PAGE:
Several econ bloggers have had things to say over recent days about the distinctions between mainstream and heterodox economics. It’s a discussion topic that carries a cast iron guarantee of raising the blood pressure of everyone involved. It’s one I’ve blogged about several times previously, but not for a while.
The proximate cause for this debate springing back to life, in the UK at least, was the broadcast of a Radio 4 programme about economics education which some mainstream economists (notably Tony Yates) felt was hopelessly one-sided in its support for heterodoxy, without giving those working from a mainstream perspective the space to respond.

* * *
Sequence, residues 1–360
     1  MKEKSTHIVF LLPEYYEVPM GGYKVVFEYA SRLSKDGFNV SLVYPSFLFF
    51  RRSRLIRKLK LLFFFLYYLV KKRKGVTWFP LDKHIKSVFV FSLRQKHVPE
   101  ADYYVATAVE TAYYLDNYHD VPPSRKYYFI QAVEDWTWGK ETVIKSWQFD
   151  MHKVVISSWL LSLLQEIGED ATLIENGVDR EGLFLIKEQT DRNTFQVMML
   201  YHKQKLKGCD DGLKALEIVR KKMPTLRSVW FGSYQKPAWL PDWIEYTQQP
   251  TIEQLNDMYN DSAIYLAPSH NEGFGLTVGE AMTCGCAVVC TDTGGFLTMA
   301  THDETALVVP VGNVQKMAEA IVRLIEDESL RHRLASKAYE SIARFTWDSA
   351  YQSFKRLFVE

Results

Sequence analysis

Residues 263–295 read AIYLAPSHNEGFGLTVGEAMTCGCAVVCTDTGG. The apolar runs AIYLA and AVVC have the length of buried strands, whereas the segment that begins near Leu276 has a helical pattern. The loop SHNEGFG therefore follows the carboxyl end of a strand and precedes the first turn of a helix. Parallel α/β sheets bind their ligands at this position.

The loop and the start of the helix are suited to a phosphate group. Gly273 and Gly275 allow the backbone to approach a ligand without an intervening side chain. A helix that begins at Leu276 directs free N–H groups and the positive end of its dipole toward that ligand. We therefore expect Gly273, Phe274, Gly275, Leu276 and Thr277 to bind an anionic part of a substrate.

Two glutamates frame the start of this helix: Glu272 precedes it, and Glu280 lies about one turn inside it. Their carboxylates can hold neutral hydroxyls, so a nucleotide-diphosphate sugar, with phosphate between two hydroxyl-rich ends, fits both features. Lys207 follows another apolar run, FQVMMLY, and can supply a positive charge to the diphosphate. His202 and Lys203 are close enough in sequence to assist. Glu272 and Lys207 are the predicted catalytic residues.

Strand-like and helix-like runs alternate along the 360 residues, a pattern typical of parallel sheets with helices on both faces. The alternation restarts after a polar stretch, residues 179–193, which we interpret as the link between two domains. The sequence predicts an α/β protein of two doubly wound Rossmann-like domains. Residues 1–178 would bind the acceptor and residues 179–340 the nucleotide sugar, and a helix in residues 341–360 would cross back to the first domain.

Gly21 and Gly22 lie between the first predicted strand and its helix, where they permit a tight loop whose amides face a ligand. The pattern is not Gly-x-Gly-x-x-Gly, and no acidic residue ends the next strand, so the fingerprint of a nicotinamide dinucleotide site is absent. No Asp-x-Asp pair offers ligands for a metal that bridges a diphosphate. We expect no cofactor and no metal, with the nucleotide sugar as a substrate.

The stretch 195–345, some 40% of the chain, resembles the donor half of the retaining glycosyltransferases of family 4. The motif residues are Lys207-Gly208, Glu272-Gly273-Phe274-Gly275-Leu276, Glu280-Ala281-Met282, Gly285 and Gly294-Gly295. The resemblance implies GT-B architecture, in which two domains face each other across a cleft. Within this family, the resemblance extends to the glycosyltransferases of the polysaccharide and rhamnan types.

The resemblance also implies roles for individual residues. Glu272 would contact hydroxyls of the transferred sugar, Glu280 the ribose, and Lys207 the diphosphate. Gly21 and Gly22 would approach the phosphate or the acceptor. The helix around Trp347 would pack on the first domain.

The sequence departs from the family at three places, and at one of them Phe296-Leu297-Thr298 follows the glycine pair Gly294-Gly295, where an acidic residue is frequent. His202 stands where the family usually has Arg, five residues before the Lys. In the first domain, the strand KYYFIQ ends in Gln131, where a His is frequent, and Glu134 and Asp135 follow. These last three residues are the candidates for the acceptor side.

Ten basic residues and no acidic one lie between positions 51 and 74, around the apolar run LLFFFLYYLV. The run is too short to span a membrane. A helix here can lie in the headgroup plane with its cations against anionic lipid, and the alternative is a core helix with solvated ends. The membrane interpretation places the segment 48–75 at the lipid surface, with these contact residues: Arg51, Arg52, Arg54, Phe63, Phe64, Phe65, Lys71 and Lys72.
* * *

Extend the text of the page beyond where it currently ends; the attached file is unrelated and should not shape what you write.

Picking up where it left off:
But the discussion has taken a bit of a novel turn. Several of the recent contributions have focused on politics. The starting point is the argument that heterodox economists adopt the stance they do in relation to the mainstream because their sympathies lie on the political left, whereas they perceive mainstream economics as supporting a right wing agenda, now including large doses of austerity. [Read more…]